Concentrations, amounts, and other numerical data may be expressed or presented herein in a range format. It is to be understood that such a range format is used merely for convenience and brevity and thus should be interpreted flexibly to include not only the numerical values explicitly recited as the limits of the range, but also to include all the individual numerical values or sub-ranges encompassed within that range as if each numerical value and sub-range is explicitly recited. As an illustration, a numerical range of "about 1 wt % to about 5 wt %" should be interpreted to include not only the explicitly recited values of about 1 wt % to about 5 wt %, but also include individual values and sub-ranges within the indicated range. Thus, included in this numerical range are individual values such as 2, 3.5, and 4 and sub-ranges such as from 1-3, from 2-4, and from 3-5, etc. This same principle applies to ranges reciting only one numerical value. Furthermore, such an interpretation should apply regardless of the breadth of the range or the characteristics being described.

EXAMPLES

The following examples illustrate embodiments of the disclosure that are presently known. Thus, these examples should not be considered as limitations of the invention, but are merely in place to teach how to make compositions of the present disclosure. As such, a representative number of compositions and their method of manufacture are disclosed herein.

Example 1

Preparation of 2,7-Dibromofluorene (Compound 2)

##STR00001##

To a solution of fluorene (Compound 1) (30 g, 0.18 mol) and CHCl.sub.3 (250 mL), liquid bromine (72 g, 0.45 mol) was added drop by drop under ice-bar, and the reaction mixture was stirred for 24 hr. 50% NaOH aqueous solution was added to remove excess bromine. The separated organic layer was washed with brine and dried over anhydrous Na.sub.2SO.sub.4 and chloroform was evaporated under vacuum. The crude product was purified by recrystallization from chloroform to give Compound 2 as a white solid (55.4 g, 95%), .sup.1H NMR (300 MHz, CDCl.sub.3, ppm): .delta. 7.43-7.61 (m, 6H), 3.76 (5, 2H). .sup.13C NMR (75 MHz, CDCl.sub.3, ppm): .delta. 144.9, 139.8, 130.3, 128.4, 121.3, 121.1, 36.7. MS m/z: 324 (M.sup.+).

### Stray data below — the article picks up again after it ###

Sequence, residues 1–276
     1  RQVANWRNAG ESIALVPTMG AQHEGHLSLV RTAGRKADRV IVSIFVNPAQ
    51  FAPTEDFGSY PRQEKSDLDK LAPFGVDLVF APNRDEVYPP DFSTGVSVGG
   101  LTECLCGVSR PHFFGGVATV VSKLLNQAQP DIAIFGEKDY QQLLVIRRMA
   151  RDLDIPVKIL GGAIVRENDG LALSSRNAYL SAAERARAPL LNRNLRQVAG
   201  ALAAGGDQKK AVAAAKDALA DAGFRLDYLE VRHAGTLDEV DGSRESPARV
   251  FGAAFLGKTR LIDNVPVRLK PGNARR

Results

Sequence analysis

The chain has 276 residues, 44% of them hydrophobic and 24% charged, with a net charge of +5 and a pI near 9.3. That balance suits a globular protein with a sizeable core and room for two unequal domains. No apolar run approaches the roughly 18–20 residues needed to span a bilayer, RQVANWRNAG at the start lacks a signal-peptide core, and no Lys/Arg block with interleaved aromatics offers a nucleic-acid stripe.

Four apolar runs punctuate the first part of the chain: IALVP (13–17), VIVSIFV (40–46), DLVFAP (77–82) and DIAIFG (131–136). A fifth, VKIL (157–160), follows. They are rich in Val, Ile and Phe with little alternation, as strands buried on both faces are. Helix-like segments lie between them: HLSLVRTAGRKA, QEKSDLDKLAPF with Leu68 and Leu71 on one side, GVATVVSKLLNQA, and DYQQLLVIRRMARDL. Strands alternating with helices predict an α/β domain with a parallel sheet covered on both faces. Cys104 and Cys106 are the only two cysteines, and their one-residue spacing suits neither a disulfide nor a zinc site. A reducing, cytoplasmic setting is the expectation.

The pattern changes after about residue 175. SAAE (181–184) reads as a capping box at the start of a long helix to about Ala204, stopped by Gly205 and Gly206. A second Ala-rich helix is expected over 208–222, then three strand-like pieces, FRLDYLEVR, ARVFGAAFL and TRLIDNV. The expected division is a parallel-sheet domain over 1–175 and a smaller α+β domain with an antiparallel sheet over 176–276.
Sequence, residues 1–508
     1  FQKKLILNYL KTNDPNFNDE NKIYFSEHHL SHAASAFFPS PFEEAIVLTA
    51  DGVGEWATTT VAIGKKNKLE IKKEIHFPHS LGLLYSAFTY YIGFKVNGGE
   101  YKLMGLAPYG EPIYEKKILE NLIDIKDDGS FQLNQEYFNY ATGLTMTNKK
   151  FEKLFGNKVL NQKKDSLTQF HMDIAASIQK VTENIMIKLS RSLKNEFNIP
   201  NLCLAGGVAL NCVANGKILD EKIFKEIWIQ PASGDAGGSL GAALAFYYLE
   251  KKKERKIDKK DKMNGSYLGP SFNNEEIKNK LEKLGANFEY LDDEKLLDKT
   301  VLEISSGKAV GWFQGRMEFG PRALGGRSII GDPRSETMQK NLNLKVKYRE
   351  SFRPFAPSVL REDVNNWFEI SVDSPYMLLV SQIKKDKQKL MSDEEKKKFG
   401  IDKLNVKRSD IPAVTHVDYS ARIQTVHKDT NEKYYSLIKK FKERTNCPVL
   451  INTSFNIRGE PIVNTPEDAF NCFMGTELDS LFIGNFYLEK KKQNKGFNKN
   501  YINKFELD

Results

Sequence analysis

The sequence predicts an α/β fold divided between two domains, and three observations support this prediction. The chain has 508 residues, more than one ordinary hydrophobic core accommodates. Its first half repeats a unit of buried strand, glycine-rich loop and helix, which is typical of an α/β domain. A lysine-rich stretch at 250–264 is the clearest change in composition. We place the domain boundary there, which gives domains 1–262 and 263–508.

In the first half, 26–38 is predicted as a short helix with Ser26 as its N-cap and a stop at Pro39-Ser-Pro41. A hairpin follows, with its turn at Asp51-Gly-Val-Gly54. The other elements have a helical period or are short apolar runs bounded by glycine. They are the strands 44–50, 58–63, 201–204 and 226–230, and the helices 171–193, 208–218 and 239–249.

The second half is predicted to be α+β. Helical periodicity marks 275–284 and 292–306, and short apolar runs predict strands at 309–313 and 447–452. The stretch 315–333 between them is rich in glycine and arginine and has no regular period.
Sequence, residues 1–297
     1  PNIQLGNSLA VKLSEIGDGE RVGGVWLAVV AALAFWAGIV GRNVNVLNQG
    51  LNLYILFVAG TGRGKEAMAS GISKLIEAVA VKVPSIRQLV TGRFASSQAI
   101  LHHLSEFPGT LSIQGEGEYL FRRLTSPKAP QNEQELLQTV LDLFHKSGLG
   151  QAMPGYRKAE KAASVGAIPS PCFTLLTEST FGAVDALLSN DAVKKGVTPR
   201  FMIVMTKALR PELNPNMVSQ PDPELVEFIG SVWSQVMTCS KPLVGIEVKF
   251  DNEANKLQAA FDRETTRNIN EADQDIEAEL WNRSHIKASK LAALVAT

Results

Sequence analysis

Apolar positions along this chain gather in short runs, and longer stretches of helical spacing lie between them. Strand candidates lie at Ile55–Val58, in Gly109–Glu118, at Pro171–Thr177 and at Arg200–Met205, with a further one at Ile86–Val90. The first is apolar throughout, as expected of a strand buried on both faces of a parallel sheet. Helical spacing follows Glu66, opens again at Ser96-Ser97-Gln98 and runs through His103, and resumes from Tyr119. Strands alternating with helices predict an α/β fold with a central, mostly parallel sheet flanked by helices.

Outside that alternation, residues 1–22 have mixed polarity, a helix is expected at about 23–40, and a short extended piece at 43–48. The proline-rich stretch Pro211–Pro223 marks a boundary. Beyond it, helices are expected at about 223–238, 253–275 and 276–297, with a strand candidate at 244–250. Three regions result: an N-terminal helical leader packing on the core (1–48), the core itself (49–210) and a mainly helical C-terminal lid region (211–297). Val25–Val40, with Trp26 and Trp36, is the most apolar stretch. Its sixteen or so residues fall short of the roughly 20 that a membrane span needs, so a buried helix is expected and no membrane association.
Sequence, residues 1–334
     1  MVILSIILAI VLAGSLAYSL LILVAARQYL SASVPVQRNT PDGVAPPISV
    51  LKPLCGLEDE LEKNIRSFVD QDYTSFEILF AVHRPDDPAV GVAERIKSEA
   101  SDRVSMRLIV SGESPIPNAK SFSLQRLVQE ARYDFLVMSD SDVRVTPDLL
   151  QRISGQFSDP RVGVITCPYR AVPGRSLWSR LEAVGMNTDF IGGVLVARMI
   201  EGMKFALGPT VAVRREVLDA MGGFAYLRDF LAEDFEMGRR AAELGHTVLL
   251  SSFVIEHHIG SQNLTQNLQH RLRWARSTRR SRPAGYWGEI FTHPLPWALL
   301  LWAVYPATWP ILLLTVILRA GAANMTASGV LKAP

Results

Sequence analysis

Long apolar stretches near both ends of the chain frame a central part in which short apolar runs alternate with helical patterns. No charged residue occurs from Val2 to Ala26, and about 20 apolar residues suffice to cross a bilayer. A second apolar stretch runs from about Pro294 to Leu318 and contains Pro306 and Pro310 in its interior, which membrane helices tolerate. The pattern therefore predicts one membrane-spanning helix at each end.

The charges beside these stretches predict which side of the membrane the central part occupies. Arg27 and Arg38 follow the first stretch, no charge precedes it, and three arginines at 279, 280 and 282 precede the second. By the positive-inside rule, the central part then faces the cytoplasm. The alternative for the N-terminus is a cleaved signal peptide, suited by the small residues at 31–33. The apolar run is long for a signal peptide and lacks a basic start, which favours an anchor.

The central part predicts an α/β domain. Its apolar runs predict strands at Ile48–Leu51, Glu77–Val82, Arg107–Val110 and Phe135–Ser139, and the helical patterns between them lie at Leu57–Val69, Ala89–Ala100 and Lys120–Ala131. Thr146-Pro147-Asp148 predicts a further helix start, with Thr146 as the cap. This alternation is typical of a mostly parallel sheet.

Example 2

Preparation of 2,7-dibromo-9,9-bis(6'-bromopropyl)fluorene (Compound 3)

##STR00002##

A mixture of 2,7-dibromofluorene (Compound 2 from Example 1) (4.86 g, 15 mmol), 1,4-dibromopropane (30 mL), tetrabutylammonium bromine (0.1 g), and aqueous sodium hydroxide (30 mL, 50% w/w) solution was stirred overnight at 70.degree. C. under nitrogen. After diluting the reaction mixture with chloroform, the organic layer was washed with brine and water. The separated organic layer was dried over anhydrous Na.sub.2SO.sub.4 and chloroform was evaporated under vacuum. The excess 1,6-dibromopropane was distilled under vacuum. 9,9-bis(6'-bromopropyl)fluorene (Compound 3) (7.3 g, 75%) was obtained as a white crystal by chromatography with petroleum ether as the eluent. .sup.1H NMR (300 MHz, CDCl.sub.3, ppm): .delta. 7.43-7.50 (m, 6H), 3.28-3.33 (t, 4H. J=6.6 Hz), 1.89-1.95 (m, 4H), 0.53-0.63 (m, 4H). .sup.13C NMR (75 MHz, CDCl.sub.3, ppm): .delta. 152.3, 139.2, 130.5, 126.3, 121.7, 121.4, 55.7, 40.2, 27.9, 23.6.

Example 3

Preparation of (3,3'-(2,7-dibromo-9H-fluorene-9,9-diyl)bis(propane-3,1-diyl))bis(tributy- lphosphonium)bromide (Compound 4)

##STR00003##

A solution of Compound 3 (from Example 2) (5.6 g, 10 mmol) and P(n-C.sub.4H.sub.9).sub.3 (5.05 g, 25 mmol) in 40 mL of DMF was heated to reflux overnight. After removal of the solvents under reduced pressure, the residue was purified by crystallization with acetone and ethyl acetate to give Compound 4 as a white solid (7.83 g, 82%). .sup.1H NMR (400 MHz, CDCl.sub.3, ppm): .delta. 7.79 (s, 2H), 7.56-7.59 (d, 2H), 7.50-7.52 (d, 2H), 2.36-2.41 (t, 4H), 1.40-1.50 (m, 28H), 0.91-0.95 (t, 18H). Anal. Calcd. for C.sub.43H.sub.72Br.sub.4P.sub.2: C, 53.21; H, 7.48 Found: C, 53.21; H, 7.36. ESI (m/z): [M-Br]: m/z 887.